|Publication number||US1289418 A|
|Publication date||Dec 31, 1918|
|Filing date||Nov 23, 1915|
|Priority date||Nov 23, 1915|
|Publication number||US 1289418 A, US 1289418A, US-A-1289418, US1289418 A, US1289418A|
|Inventors||Gustaf W Elmen|
|Original Assignee||Western Electric Co|
|Export Citation||BiBTeX, EndNote, RefMan|
|Referenced by (7), Classifications (6)|
|External Links: USPTO, USPTO Assignment, Espacenet|
G. W. ELM EN.
HIGH FREQUENCY DETECTOR.
APPLICATION FILED NOV. 23. 1915.
1,289,418; Patented Dec. 31, 1918.
mvenfor: Guslaf W E/men.
" UNITED STATES PATENT orrr.
GUSTAF W. ELMEN, OF BOGOTA, NEW JERSEY, ASSIGNOR TO WESTERN ELECTRIC COMPANY, INCORPORATED, OF NEW YORK, N. Y., A CORPORATION OF NEW YORK.
HIGH-FREQUEN CY DETECTOR.
Specification of Letters Patent. 7 Patented Dec. 31, 191.8.
Application filed November 23, 1915. Serial No. 62,949.
To all whom'z't may concern:
Be it known that I, GUSTAF IV. ELMEN, originally a subject of the. King of Sweden, who arrived in Philadelphia from Sweden on August 1, 1893, when sixteen years of age, declared my intention of becoming a citizen of the United States on October 5, 1900, and again on April 30, 1915, have been a constant resident of the United States since my arrival, but have not taken out myfinal naturalization papers, am now residing at Bogota, in the county of Bergen and State of New Jersey, and have invented certain new and useful Improvements in- High-Frequency Detectors, of which the following is a full, clear, concise, and exact description.
This invention relates to an apparatus for detecting the presence of oscillatory currents in a conductor, and in particular to a detector of high-frequency oscillations of the typegenerally known in the art as magnetic detector.
WVhen an alternating or pulsatin current traverses a coil having an iron or otIxer magnetic core, a certain amount of energy is lost due to the hysteresis in the iron. This energy must be supplied by the source which causes the iron to pass through the hysteresis cycle, and may be looked upon and expressed as being equivalent to the work done in overcoming a certain amount of resistance, which may be called the effective resistance in the coil due to hysteresis. If W is the total energy per unit of'time and E and I are the voltage and current respectively used in the coil, then w E1=i=R or R g.
R here represents the so-called effective resupplied by a given alternating or pulsating current source, and for this purpose I make use of the discovery that the superposition on the iron or other magnetic core ofan al ternating current of appreciably higher frequency will reduce the energy supplied by the low frequency; that is, it will reduce the area of the hysteresis loop for the low-frequency current. Apparently the high-frequency oscillations act in a manner to shake up the iron molecules and reduce the force required to set them into motion, thus saving low-frequency energy, the energy required to do this shaking-up being supplied by the hi h-frequency source.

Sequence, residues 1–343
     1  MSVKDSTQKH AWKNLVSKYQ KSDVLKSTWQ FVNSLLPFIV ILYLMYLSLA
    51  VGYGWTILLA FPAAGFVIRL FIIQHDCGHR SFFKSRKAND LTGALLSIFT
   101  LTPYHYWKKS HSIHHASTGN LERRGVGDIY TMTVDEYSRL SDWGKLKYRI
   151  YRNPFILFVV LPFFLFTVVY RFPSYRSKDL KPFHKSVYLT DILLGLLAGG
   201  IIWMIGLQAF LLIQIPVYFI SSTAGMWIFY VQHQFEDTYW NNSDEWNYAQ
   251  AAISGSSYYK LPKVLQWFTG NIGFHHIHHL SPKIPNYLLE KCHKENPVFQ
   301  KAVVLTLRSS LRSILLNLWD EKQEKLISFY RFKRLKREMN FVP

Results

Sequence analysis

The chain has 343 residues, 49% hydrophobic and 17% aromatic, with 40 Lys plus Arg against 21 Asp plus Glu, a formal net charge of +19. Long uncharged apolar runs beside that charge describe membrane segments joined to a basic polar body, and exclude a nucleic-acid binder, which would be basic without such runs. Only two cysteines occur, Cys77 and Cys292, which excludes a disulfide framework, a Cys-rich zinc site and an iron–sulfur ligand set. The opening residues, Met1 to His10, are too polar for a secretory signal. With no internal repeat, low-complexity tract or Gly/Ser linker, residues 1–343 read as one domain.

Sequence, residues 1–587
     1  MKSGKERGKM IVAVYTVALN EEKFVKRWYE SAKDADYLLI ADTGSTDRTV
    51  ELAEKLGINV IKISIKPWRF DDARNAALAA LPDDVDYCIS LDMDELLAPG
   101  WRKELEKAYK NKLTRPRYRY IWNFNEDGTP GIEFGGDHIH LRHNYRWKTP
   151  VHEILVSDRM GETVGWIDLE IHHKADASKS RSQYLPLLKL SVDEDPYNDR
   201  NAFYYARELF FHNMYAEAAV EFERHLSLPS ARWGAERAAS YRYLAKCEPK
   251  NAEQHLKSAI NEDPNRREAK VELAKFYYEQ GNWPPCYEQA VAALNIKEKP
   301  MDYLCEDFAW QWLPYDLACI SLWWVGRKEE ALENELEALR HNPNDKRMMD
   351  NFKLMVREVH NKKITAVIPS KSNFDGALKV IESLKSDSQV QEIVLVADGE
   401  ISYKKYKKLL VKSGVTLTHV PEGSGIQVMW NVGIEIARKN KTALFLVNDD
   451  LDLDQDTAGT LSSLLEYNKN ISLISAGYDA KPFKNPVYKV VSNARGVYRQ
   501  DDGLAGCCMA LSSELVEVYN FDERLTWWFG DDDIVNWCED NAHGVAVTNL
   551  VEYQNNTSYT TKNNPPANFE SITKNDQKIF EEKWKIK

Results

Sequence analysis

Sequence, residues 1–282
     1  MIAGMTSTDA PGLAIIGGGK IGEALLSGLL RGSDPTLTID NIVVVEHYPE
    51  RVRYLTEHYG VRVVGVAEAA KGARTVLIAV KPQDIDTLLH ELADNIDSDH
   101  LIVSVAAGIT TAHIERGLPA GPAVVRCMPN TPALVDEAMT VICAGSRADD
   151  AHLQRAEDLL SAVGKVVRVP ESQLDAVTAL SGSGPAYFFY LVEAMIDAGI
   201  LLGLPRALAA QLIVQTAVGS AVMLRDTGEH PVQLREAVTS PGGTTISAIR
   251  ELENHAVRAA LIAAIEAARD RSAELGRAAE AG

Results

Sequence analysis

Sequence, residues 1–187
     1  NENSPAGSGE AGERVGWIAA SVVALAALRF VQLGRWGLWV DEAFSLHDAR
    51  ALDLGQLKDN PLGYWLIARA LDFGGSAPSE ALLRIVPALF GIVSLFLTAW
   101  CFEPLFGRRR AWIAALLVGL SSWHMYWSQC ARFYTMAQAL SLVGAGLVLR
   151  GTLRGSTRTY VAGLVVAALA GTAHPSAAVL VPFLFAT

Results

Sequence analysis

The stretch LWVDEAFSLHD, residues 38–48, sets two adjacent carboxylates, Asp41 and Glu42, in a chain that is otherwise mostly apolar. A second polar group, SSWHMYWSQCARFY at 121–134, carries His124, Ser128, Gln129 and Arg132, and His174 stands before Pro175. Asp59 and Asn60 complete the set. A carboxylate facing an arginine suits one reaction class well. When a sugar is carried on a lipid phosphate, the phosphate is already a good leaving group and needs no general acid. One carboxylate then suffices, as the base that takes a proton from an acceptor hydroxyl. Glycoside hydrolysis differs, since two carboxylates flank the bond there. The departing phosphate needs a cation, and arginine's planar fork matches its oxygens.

In practice I find that it is not necessary that the high-frequency shall be excessively high. I find, for example, that if the lowfrequency is about 15 per second that a highfrequency of 60 per second is sufficient to cause the reduction of the hysteresis loop on the low-frequency side to practically zero.
If the low-frequency is raised, then the highfrequency must be raised correspondingly and may be made very much higher than the low-frequency.
I have found that this effect may be made use of in constructing a sensitive and reliable detector of high-frequency waves by using means which will note a change in the hysteretic energy supplied by the low-frequency source. Heretofore in magnetic detectors use has been'made of the sudden induced effects produced in a receiver circuit when the hysteresis cycle-in a body of iron is broughtpartially or wholly into phase with the magnetiz'ing force by the received high-frequency oscillations. This sudden breaking down of the magnetic condition gives a sharp click or signal in the receiver or translating device which is independent of the frequency of the low-frequency magnetizing force. In my invention, however, I do not primarily make use of this sudden induced electromotive force, but I make use of'the change in the hysteretic energy which must be supplied by the lowfrequency source when high-frequency oscillations are re ceived. This change in the hysteretic energy is equivalent to a change in the effective resistance of the coil surrounding the iron, and
any method for indicating-or measuring this change in effective resistance will be useful.
in indicating the presence of the high-fre-- quency current,
Inasmuch as one of the most sensitive and reliable methods of measuring reslstances or indicating changes in resistances is'the.
Wheatstones bridge, I have made use of such a circuit to carry out my inventlon, and
. made as nearly identical'as possible, any slight difierence in them can be adjusted for by means of the resistances 3 and 4.
this will be better understood by reference to the following specification and accom panying drawings, in which Figure 1 shows one circuit arrangement for detecting the presence of high-frequency oscillations. Fig. 2 shows a modification of this circuit, and